|Mark Quinn -- http://www.marcquinn.com/|
Originally posted 9/10:
This week my class on procreation and parenthood has been exploring hard questions about the moral valence of having children. It's certainly strongly counterintuitive to say having children is generally wrong. This week I discovered that for college students, anyway, it's also strongly counterintuitive to say there's any obligation to have children--they resist saying there's even a "general" or prima facie obligation to reproduce. They're not even inclined to think procreation is obligatory in a dire end-of-the-world scenario, where reproduction would make the difference between human survival and human extinction. I was surprised to find that the arguments in this article by Saul Smilansky had virtually no takers.
That leaves calling procreation either supererogatory or merely permissible. I don't think we want to say it's supererogatory. Some supererogatory acts are heroic--they involve people running into burning buildings to save others. Sometimes the term means the same thing as "beyond the call of duty"--in other words, doing everything you have to, and then some. So for example, doing a fantastic job as a secretary, but going the extra mile--finding a free refrigerator for the faculty lounge, for instance. Nobody thinks it's heroic or "going the extra mile" to have a child.
That leaves saying that having a child is merely permissible, but that seems odd too. When I explain these things to students, I typically offer something like choosing peas instead of carrots as an example of a permissible act. The prototypical permissible act is neutral--there's nothing good or bad about doing it.
Now, I just can't see how creating a child could possibly be neutral, even if there's something politically attractive about categorizing it that way. It makes no conceptual sense, considering that having a child is bringing a great deal of value into the world (Smilansky does a good job of explaining all the types of value). So if we throw making children into the "permissible" basket, and say no more, we haven't captured its moral valence very well.
What I think we really need, if we're going to say the right thing about procreation, is subdivisions within the category of the permissible. Suppose I make a really delicious meal for my family. I can't see that I was obligated to do that, and it's going too far to call that act supererogatory. What we want is a distinction between the neutral-permissble and the done-good-permissible. We need "the commendable," so to speak.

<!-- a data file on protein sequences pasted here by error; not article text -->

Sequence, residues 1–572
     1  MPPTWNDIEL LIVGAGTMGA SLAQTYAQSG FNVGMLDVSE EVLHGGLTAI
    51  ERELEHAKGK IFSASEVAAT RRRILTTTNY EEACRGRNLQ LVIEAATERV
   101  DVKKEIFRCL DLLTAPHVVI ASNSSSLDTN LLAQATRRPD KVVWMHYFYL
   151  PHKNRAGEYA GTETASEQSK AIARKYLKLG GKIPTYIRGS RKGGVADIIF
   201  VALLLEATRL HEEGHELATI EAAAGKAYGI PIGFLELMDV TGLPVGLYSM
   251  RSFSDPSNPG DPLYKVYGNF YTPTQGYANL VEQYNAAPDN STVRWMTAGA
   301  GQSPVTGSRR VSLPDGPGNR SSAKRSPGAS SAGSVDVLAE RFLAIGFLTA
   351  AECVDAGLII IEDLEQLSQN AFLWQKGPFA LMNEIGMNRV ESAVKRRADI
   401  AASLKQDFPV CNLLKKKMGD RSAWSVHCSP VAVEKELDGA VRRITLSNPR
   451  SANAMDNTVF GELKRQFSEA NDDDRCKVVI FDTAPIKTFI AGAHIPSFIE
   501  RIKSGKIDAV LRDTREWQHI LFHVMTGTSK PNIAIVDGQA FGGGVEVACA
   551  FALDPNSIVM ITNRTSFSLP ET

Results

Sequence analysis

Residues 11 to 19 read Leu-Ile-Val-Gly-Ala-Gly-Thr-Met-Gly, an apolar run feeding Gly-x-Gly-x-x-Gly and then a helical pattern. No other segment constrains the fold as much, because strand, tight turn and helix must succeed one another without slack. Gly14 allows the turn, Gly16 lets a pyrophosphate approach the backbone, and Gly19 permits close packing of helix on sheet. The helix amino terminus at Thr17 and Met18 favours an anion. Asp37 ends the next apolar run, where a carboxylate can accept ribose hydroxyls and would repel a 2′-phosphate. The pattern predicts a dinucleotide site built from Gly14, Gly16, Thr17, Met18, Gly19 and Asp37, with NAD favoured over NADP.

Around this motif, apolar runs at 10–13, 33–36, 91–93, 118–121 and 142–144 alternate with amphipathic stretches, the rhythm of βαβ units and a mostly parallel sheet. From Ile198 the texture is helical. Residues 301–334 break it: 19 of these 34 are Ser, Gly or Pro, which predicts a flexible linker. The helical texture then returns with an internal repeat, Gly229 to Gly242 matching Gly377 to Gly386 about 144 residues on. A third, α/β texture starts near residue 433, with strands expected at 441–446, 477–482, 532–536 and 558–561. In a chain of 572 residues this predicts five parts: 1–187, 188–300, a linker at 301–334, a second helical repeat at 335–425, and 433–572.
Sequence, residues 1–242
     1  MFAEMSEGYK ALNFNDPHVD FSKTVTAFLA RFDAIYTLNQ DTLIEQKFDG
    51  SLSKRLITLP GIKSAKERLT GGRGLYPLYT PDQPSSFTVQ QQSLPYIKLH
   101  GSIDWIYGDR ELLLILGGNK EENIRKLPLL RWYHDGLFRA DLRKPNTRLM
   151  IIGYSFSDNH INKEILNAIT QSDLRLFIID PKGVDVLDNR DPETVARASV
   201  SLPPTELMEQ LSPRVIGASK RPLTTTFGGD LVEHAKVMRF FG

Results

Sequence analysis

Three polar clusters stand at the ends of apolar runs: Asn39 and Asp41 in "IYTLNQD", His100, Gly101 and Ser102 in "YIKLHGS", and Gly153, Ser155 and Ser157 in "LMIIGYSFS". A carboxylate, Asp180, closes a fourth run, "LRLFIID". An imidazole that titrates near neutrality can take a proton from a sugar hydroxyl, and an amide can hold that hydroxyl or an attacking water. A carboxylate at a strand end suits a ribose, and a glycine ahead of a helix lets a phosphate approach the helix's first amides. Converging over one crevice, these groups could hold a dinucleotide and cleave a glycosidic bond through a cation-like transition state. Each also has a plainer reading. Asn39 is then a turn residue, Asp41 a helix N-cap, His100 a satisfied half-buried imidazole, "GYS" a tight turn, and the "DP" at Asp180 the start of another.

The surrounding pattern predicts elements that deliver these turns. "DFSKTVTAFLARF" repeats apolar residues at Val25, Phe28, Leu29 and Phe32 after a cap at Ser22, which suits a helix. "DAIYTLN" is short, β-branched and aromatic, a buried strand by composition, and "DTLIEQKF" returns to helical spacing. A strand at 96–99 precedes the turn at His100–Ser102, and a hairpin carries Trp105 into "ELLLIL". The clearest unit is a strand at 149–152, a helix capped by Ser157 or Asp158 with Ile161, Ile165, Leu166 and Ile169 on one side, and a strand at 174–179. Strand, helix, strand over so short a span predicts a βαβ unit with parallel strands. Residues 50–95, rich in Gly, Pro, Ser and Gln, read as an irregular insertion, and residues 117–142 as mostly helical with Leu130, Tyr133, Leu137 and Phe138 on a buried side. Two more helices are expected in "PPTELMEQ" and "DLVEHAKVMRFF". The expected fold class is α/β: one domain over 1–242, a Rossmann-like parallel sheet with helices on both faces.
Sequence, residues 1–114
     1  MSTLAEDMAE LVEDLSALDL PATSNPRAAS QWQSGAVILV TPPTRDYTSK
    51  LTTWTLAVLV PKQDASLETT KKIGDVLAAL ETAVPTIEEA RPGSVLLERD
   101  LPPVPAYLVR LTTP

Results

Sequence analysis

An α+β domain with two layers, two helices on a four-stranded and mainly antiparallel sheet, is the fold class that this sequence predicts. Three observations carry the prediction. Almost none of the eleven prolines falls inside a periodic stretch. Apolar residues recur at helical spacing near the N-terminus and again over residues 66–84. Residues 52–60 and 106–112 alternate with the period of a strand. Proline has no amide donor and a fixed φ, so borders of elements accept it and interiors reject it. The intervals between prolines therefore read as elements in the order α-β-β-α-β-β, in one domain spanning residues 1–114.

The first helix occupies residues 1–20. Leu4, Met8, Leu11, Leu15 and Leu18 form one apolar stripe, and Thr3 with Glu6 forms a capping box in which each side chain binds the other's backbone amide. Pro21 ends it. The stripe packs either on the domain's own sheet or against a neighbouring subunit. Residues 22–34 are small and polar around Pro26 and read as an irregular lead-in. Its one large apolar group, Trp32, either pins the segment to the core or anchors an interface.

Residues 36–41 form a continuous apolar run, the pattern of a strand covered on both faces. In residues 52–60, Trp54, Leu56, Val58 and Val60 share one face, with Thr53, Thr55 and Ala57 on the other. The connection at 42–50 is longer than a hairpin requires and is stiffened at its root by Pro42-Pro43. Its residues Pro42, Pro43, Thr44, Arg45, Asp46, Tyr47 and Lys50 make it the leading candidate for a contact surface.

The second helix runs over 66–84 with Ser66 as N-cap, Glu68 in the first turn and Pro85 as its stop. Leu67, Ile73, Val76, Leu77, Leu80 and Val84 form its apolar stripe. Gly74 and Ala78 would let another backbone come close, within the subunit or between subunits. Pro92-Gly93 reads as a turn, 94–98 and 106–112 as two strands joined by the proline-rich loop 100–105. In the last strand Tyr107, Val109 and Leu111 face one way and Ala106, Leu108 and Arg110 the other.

On the other hand, if I make pasta with bottled sauce or order a pizza for the third night in a row, that's kind of bad, but it's surely going too far to call it wrong. If we must have an adjective, maybe "objectionable" will do.
So now there are six possible valences for the typical act of procreation--
Calling procreation commendable is much closer to intuitive than calling it obligatory, but perhaps it's still a bit of an odd thing to say. Making children is just part of the normal business of life--like breathing or eating, in a way. So kudos seem a bit strange. Yet if you take it seriously that a life is (normally) a good thing, then I don't see how procreation can fall into any less exalted moral category. It just can't be entirely neutral, and saying it's objectionable or wrong seems apt only in very special circumstances.
So that's my verdict: commendable. As I say, "commendable" wouldn't be your first impression, necessarily, but it seems like procreation has to have this sort of positive valence, assuming that human lives have great value.